Watching the mayhem in the sky the other day I could not help looking back when John Glenn took the first successful space flight and then rested in Key West. The best Navy Filipino Steward in the Keys was assigned to serve him. He let us in his quarters and I still have his signature. It was the beginning of a new frontier though exploration has been with us for a long time. Men could not break through Panama giant construction till medical science discovered the cure for Malaria. It challenges us and provides discovery. Recently, John Glenn said that if men live long enough, cancer would consume their prostrate glands. It is probably one of the most feared outcomes for men his age, so what harm is it to take a shot as the oldest man part of the exploration of the universe? Cdr Laurel Clark started as Submarine Medical Officer, one of the few women in the Space Program who had submarine experience. Boomer submariners could certainly share the highland tune she fell in love with while working in the icy water in Scotland misty lock. Frustration during exploration is temporary but those who perish from discovery… they are permanent heroes, from Columbus to Columbia shuttle, from the bottom of the ocean to the surface of the moon.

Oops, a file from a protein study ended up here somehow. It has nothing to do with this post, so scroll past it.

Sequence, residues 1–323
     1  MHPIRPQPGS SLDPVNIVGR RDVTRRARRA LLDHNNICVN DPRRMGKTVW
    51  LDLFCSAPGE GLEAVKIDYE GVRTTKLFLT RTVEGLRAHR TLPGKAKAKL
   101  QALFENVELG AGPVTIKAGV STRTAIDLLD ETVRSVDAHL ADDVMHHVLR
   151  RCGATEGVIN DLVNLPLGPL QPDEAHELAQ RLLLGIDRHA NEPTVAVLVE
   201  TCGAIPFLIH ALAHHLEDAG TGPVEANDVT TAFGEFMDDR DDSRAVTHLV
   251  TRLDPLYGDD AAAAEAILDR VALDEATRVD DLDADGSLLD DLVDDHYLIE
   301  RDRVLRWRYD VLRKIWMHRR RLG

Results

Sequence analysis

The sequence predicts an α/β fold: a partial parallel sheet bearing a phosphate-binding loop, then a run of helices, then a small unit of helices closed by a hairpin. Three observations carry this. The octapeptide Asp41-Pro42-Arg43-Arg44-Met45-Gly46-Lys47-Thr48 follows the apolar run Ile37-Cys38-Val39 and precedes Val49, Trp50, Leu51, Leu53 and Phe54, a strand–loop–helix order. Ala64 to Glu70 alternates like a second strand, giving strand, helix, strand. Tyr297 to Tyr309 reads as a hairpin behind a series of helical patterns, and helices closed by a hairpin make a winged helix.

You wont see me in this countdown but I was hundred feet underwater. We were at Cape Canaveral, Florida for telemetric missile testing circa 1977.
Great site about Columbia7
The following is from Nelson Garcia:
Filipinos in US military:
'Please pray for us'
Posted: 1:37 AM (Manila Time) | Feb. 11, 2003
By Tonette Orejas and Joey A. Gabieta
Inquirer News Service
"MAMA, please pray for us. We're being sent to war."
Isabel Miclat remembered what her children, Jose and
Johanna, said in separate telephone conversations with